I have been in Dhaka six months now – working for DFID Bangladesh as an economist - and one of the first things I noticed was the traffic. Previously I lived in Sierra Leone for two years, but compared to the standard of driving and volume of traffic here, Freetown is like a quiet British country lane in winter. I dodge the traffic and cycle to work. Weaving in and out of rickshaws, cars with drivers leaning on their horns (and an occasional cow) gives me a nice adrenaline rush to start and end the day with. I took the attached photo whilst riding through a sea of rickshaws in the downtown traffic. Amazingly though I am yet to see an accident. Somehow the whole frantic system hangs together (it is a different story on the rural highways of the country).
This sense of disarray frequently extends to politics, perhaps unsurprising in a developing country of nearly 150 million citizens squeezed into a small piece of land on the Bay of Bengal. The recent history of Bangladesh is one of democratic governments interspersed with military coups and caretaker administrations. And yet at the same time the people have achieved major gains in industry, health, education and other measures of development, outstripping many of the countries that DFID works in.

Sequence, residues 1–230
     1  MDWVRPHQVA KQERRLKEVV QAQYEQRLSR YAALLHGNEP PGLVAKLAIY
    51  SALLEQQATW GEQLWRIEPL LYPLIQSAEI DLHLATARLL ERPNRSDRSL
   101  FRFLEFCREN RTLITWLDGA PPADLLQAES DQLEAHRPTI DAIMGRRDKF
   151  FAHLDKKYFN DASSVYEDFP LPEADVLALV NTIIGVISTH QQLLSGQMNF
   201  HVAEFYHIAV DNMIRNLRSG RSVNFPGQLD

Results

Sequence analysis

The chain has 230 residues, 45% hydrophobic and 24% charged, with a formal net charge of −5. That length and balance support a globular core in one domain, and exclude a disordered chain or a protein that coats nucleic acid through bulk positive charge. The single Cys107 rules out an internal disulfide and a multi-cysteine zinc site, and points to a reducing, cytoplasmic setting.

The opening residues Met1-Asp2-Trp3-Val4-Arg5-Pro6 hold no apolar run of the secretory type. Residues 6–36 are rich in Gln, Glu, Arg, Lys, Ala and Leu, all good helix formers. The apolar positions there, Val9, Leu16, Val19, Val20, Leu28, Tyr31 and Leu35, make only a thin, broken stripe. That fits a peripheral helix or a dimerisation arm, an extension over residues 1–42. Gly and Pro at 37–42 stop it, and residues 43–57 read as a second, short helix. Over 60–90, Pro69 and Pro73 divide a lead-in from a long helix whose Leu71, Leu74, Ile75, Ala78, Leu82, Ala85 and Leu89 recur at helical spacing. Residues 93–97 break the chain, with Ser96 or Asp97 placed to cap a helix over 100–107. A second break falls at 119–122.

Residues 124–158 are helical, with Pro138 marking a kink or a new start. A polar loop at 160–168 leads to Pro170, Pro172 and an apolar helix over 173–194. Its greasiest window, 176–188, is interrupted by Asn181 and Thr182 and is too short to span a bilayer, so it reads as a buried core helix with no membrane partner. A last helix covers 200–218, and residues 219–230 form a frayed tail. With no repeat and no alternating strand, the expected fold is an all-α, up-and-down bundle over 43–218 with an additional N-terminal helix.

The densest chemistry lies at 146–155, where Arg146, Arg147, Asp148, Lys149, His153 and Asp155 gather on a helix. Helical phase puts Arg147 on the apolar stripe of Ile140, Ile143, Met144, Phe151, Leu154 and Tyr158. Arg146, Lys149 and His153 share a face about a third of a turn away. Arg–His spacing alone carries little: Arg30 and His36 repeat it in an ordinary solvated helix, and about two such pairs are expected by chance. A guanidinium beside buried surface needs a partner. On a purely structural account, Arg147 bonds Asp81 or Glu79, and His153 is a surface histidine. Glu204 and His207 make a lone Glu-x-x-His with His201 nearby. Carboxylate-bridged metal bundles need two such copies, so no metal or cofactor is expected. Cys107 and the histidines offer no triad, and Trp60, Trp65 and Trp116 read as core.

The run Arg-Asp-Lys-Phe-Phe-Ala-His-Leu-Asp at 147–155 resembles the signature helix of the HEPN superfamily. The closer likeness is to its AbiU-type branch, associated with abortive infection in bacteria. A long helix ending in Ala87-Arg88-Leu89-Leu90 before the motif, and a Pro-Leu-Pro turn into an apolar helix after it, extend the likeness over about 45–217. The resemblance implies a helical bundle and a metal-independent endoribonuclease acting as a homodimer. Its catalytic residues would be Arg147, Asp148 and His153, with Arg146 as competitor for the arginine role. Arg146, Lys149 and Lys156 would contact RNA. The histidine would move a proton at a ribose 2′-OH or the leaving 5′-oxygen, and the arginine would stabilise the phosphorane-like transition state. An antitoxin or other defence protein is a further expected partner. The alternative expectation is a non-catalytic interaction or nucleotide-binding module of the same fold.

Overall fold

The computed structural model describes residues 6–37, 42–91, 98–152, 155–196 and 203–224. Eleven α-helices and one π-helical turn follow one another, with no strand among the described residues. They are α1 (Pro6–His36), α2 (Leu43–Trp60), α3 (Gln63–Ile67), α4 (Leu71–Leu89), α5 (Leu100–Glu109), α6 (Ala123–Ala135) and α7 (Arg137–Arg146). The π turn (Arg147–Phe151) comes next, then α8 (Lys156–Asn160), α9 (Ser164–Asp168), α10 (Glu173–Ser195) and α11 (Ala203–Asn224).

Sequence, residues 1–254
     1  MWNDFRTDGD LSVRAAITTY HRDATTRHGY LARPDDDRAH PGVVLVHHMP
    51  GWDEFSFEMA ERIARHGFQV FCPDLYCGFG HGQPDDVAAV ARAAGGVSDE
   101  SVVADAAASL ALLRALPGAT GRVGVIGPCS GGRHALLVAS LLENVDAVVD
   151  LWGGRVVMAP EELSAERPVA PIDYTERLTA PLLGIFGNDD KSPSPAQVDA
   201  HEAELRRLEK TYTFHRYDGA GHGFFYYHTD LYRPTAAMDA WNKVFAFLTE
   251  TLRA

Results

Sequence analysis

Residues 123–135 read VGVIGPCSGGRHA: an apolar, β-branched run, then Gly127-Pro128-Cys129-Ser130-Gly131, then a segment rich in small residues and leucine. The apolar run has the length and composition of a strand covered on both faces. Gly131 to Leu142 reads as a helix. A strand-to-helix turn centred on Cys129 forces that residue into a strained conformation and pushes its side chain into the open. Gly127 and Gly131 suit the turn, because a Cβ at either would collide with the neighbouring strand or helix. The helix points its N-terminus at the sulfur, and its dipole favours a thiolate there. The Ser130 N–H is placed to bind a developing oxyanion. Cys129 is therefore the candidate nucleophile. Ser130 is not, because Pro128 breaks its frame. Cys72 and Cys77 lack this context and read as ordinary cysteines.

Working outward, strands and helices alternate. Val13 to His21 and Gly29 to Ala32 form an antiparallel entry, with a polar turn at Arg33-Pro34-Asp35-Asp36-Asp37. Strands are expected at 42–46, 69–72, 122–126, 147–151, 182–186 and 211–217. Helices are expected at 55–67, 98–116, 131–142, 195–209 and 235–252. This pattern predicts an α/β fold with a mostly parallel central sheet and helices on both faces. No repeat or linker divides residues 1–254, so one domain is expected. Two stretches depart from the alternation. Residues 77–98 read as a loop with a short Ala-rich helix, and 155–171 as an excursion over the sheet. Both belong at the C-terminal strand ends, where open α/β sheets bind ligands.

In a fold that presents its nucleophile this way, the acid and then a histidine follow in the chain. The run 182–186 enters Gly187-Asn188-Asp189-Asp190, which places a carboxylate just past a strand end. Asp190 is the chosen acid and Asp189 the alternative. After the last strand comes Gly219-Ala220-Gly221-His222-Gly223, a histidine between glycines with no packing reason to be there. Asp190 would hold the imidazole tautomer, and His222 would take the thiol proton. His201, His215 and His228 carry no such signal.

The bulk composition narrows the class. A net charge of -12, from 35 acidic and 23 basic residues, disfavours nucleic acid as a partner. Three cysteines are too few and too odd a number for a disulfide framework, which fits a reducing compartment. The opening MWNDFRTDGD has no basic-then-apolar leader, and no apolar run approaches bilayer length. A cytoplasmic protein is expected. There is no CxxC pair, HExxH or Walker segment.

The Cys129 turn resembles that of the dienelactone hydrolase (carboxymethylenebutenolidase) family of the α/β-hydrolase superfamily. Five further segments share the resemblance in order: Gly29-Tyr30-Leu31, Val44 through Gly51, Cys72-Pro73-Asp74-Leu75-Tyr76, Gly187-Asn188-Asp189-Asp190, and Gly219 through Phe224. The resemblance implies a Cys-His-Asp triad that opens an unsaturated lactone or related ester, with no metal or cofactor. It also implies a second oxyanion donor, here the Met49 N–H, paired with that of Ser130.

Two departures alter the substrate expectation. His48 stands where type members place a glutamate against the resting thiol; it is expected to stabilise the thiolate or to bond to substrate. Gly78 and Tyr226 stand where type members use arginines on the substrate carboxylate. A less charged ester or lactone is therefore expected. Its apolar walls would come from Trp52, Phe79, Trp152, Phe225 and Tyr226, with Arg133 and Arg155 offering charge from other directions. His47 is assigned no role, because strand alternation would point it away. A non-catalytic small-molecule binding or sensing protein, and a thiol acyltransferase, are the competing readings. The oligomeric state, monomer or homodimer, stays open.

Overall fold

The country held peaceful, free and fair elections in December, which brought to power Sheikh Hasina’s Awami League; no small achievement in itself following as it did two years of a caretaker government and before that major civil unrest. Yet last month there was a massacre in a faction of the army that guards the nation’s borders, which you may have read about in the British press. Bangladesh is currently in a period of mourning for the more than 50 army officers who were gunned down, together with a number of civilians. Many of our local colleagues have friends or family affected, and it has been a sombre time of security restrictions and condolences.
The newly elected Government is generally agreed to have responded well to the crisis so far. The hope now is that Bangladesh continues its impressive trend, like the motorists on Dhaka’s busy streets, of shrugging off the chaos and moving forwards.